Donated by Board of Regents Chair Craig Turner and his wife Madonna, this gateway has led to a new tradition for Eastern - the Welcome Walk. The Welcome Walk for freshmen through the gateway symbolizes the life changing significance of the Eastern experience. The structure is distinguished by four simple, yet powerful words: Wisdom and Knowledge on one side, describing what students seek; and Purpose and Passion on the other, detailing what they acquire during their studies to use for the betterment of society. Inscribed on the plaque are the following words: "Enter these gates with humility, Acquire knowledge to gain wisdom, Depart these gates with confidence, Live life with passion and purpose." Both Turners graduated from EKU in 1975 and wanted a gateway to EKU that equaled the beauty of the existing buildings. Their vision has become a focal point for photographs, hangout spots, meeting points, and a welcoming entrance for the campus.
During the hardest years of the Great Depression, President Franklin D. Roosevelt unveiled a large and ambitious program called the Works Progress Administration (WPA). The WPA was a part of Roosevelt’s New Deal - a set of programs and policies meant to provide relief during the economic downturn. For nearly 8.5 million Americans, the WPA provided work, and some of that work happened right here on Eastern’s campus. From the Ravine amphitheatre, to the Keen Johnson Building, to these three 1938 buildings - Miller, Beckham, and McCreary - which together formed a U-shaped residence hall complex, the WPA projects on Eastern’s campus are a big part of how the campus is seen today.
After Kentucky legislators passed the normal school law in 1906, creating both Eastern Kentucky State Normal School and the Board of Regents, Ruric N. Roark was elected as the first president of Eastern. A nationally renowned expert on public school management, Roark was no stranger to the controversy of normal schools. The initial bill had faced critics since its inception, largely State College and President James Patterson, and the private colleges of the state. However, the law was upheld, and Roark continued his advocacy for the normal school and secured funding for Sullivan Hall, the Roark Building, and the Ramsey power plant. However, the turmoil took its toll and Roark passed away in 1909, leading to the appointment of his wife, Mary Creegan Roark, as the interim president. Discover more about Mary’s leadership by visiting the display cases in the John Grant Crabbe Main Library.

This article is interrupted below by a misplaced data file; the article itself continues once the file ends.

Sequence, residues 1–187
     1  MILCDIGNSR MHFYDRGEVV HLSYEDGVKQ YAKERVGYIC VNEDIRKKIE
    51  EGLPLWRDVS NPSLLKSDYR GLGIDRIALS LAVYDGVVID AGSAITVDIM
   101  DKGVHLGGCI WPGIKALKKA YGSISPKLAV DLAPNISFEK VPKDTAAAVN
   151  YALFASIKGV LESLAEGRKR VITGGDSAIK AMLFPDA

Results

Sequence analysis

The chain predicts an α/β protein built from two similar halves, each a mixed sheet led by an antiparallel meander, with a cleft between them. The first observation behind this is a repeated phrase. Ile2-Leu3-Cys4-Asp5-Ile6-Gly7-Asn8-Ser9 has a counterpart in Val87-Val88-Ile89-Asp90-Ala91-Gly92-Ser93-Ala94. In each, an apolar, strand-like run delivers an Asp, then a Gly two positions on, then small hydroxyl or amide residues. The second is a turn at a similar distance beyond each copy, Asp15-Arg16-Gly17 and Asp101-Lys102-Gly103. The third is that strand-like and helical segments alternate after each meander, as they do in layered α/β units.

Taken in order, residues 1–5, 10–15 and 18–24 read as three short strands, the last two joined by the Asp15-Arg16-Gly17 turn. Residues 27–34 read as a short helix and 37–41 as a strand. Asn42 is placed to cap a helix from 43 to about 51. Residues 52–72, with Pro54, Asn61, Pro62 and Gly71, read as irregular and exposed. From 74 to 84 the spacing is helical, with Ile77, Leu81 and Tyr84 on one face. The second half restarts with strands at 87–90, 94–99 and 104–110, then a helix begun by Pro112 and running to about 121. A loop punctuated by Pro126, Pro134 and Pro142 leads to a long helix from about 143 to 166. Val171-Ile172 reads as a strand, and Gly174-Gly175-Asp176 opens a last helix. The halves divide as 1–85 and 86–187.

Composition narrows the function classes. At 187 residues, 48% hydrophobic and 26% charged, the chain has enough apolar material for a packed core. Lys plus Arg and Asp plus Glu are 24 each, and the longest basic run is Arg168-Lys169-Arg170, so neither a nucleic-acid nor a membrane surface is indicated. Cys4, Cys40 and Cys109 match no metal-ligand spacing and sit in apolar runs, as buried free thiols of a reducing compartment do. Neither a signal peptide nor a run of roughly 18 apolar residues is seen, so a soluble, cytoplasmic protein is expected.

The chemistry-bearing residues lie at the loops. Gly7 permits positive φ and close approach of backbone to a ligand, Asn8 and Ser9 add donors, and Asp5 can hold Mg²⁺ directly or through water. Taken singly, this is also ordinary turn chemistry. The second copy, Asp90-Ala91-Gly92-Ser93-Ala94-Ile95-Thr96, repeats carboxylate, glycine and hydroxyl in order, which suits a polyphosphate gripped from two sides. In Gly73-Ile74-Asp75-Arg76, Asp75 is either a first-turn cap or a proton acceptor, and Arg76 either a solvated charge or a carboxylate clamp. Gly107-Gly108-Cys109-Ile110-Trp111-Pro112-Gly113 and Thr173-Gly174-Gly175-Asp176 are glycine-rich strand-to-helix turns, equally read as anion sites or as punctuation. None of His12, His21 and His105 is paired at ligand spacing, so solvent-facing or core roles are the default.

If you happen to glance across Lancaster Avenue, you might not see it at first. Your eye catches a glimpse of a front door, a window, perhaps. Spires rise above the treetops. The longer you stare, the more you realize there is a house, grand in scale, beauty, and history sitting in EKU’s lap. Elmwood was built in 1887. Its last owner and resident, Emma Watts, was born and died there. She kept a tight hold on Elmwood, and was determined to keep it standing after her death in 1970. EKU did not purchase Elmwood; it was donated to the University in 2011. Lewis Cope, Watts’ cousin and trustee, felt the only way to preserve Elmwood was for EKU to have it. A long process of cataloging and preserving the items in the house followed. Watts’ books were cleaned of soot and mold, and now reside in John Grant Crabbe Main Library while the family papers can be viewed in EKU Special Collections and Archives. The house itself is periodically open to campus events.